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Thorney may refer to:

Places in the United Kingdom


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Isle of Ely former county in England

The Isle of Ely is an historic region around the city of Ely in Cambridgeshire, England. Between 1889 and 1965, it formed an administrative county.

History of Cambridgeshire

The English county of Cambridgeshire has a long history.

Stanground, Peterborough residential area of Peterborough, Cambridgeshire, United Kingdom

Stanground is a residential area in the city of Peterborough, Cambridgeshire in the United Kingdom. For electoral purposes it comprises Stanground South and Fletton & Stanground wards in North West Cambridgeshire constituency.

North East Cambridgeshire (UK Parliament constituency) Parliamentary constituency in the United Kingdom, 1983 onwards

North East Cambridgeshire is a constituency represented in the House of Commons of the UK Parliament since 2010 by Stephen Barclay, a Conservative.

Stanground North civil parish in Cambridgeshire, England

Stanground North was a civil parish in the City of Peterborough, Cambridgeshire, England. The 2001 census recorded a population of zero. The parish, which covered open fields on a flood plain of the River Ouse, has since been abolished as redundant.

Thorney, Cambridgeshire village and civil parish in Cambridgeshire, UK

Thorney is a village about 8 miles (13 km) east of Peterborough city centre, on the A47 in England.

Thorney Island (West Sussex) island in West Sussex, UK

Thorney Island is an island that juts into Chichester Harbour in West Sussex. It is separated from the mainland by a narrow channel called the Great Deep.

Thorney Island (London) former small island in London

Thorney Island was the eyot on the Thames, upstream of medieval London, where Westminster Abbey and the Palace of Westminster were built. It was formed by rivulets of the River Tyburn, which entered the Thames nearby. In Roman times, Thorney Island may have been part of a natural ford where what was later called Watling Street crossed the Thames, of particular importance before the construction of London Bridge.

Thorney Rural District

Thorney was a rural district in England from 1894 to 1974, situated to the east of Peterborough.

Thorney Abbey abbey in Thorney, Cambridgeshire, United Kingdom

Thorney Abbey, now the Church of St Mary and St Botolph, was a medieval monastic house established on the island of Thorney in The Fens of Cambridgeshire, England.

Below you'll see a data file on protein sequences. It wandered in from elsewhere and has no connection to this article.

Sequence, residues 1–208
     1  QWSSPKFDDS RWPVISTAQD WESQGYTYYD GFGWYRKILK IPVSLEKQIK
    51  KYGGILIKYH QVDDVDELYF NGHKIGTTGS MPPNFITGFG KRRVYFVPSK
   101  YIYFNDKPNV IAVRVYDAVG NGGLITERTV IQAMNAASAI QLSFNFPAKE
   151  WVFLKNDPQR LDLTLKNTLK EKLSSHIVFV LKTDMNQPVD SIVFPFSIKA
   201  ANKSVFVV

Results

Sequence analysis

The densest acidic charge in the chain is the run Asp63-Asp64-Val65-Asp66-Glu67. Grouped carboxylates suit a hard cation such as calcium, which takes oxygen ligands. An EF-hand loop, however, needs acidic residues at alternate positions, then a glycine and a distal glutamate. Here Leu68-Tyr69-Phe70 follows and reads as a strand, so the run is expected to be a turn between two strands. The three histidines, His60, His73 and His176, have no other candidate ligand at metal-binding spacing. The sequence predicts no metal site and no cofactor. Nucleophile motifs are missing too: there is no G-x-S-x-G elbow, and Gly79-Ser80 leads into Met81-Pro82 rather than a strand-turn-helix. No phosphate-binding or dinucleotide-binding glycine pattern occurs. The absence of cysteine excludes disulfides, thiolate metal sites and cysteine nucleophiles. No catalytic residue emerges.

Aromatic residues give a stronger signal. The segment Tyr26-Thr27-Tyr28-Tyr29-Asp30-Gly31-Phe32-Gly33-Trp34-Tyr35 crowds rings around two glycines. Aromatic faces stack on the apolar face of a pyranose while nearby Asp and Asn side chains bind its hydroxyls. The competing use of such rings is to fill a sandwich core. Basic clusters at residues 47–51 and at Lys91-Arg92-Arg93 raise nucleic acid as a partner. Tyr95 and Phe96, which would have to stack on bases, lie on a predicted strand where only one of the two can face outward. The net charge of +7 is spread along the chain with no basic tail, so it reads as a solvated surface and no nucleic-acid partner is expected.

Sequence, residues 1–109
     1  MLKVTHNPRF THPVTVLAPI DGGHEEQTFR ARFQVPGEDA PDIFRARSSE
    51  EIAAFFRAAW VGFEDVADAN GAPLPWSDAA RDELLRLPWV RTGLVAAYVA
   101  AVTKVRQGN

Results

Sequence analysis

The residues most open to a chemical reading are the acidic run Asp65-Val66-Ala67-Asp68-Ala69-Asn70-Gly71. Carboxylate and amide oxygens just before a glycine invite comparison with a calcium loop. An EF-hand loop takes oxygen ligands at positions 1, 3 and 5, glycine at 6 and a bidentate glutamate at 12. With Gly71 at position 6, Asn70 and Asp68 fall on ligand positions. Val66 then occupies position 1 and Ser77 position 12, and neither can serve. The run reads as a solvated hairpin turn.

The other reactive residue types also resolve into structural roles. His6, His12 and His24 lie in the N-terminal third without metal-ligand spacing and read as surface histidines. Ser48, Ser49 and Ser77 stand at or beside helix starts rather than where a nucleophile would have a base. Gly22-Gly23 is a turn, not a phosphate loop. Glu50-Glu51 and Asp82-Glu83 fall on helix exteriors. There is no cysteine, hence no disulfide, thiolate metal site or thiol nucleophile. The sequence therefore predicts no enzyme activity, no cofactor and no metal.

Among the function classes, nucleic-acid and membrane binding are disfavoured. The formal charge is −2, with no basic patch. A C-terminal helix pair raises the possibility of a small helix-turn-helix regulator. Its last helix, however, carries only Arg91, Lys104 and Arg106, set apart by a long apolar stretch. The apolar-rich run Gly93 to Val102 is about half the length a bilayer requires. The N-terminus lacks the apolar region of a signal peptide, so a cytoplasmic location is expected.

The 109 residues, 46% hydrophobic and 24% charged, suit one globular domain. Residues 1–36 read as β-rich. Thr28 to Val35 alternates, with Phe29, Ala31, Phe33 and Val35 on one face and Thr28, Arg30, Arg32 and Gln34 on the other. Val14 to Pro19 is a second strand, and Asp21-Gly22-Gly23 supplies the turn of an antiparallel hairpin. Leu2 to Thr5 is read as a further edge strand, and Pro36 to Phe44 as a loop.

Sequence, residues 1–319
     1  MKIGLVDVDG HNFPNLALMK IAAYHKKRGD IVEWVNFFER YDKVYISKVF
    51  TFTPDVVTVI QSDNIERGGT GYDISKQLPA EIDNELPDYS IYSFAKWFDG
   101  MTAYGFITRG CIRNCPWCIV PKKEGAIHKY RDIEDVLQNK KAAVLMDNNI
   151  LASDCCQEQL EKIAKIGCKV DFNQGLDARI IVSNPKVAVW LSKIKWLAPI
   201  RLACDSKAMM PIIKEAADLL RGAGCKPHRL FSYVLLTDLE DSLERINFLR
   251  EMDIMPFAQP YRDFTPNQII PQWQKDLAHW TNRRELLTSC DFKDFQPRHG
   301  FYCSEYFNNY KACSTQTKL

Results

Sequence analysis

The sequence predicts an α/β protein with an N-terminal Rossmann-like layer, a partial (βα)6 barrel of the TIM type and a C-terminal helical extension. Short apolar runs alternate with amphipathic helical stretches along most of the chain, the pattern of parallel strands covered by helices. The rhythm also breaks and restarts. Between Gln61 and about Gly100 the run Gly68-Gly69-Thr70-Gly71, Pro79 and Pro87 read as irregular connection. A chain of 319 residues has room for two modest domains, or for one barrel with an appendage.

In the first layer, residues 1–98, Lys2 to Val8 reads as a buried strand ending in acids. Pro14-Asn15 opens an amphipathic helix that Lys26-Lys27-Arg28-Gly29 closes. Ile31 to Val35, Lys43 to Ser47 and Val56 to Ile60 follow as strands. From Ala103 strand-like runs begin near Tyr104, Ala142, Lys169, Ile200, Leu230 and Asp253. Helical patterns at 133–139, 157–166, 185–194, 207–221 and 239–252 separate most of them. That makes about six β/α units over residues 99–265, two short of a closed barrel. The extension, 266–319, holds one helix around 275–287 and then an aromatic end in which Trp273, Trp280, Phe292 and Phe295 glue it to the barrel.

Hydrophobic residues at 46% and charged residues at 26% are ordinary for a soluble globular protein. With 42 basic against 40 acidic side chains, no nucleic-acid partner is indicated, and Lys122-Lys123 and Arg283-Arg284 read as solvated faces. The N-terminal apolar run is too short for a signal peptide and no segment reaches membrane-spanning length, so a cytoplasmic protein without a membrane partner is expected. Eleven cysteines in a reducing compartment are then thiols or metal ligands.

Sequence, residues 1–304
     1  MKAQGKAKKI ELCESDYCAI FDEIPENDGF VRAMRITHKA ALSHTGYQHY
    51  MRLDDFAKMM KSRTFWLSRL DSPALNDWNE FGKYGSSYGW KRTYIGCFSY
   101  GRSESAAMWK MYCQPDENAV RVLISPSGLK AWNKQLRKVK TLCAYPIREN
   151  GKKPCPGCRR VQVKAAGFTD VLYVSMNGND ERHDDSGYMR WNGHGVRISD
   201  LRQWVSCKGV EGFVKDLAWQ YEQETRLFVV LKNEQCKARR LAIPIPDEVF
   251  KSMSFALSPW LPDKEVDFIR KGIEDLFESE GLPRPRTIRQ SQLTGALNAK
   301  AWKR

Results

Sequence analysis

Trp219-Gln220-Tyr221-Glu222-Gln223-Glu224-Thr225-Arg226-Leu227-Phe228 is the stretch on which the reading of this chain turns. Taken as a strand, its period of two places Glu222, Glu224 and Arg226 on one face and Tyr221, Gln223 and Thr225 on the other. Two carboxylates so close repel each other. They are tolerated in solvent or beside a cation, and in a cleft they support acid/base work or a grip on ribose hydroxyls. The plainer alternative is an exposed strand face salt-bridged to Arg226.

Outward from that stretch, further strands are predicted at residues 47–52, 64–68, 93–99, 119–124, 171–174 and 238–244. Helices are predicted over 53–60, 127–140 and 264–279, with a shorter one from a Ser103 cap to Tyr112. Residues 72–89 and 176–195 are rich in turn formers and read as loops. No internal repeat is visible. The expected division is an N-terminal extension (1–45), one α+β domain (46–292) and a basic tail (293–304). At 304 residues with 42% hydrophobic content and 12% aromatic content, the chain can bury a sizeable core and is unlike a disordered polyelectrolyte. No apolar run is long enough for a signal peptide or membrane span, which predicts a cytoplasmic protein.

West Thorney village and civil parish in West Sussex, England

West Thorney is a village and civil parish in the Chichester district in West Sussex, England located nine kilometres (5.4 miles) west of Chichester south of the A27 road.

Wisbech St Mary village in the United Kingdom

Wisbech St Mary is a small village, 2 miles (3 km) west of the town of Wisbech the Fenland district of Cambridgeshire, England. and lies between two roads, the B1169 and the A47. The population of the civil parish at the 2011 Census was 3,556.

Thorney RUFC

Thorney Rugby Club is a Rugby union club based near Peterborough which was formed in 1990.

Thorney railway station was a station in Thorney, Cambridgeshire on the Midland and Great Northern Joint Railway line between Peterborough and Wisbech.

Midlands 4 East (South) is a level 9 English Rugby Union league and level 4 of the Midlands League, made up of teams from the southern part of the East Midlands region including clubs from Bedfordshire, Leicestershire, Northamptonshire, Lincolnshire and occasionally Cambridgeshire, all of whom play home and away matches throughout the season. Each year some of the clubs in this division also take part in the RFU Junior Vase - a level 9-12 national competition.

Throckenholt village in United Kingdom

Throckenholt is a village in the civil parish of Sutton St Edmund in the South Holland district of Lincolnshire, England. It is located close to the border of Cambridgeshire about 16 miles (26 km) south-east of Spalding, 14 miles (23 km) west of Wisbech and 10 miles (16 km) south of Holbeach.

Huna of Thorney English saint

Saint Huna of Thorney was a seventh century Priest and Hermit. His influence in the Northumbrian and Anglian courts make him an important figure in the Christianisation of Anglo-Saxon England.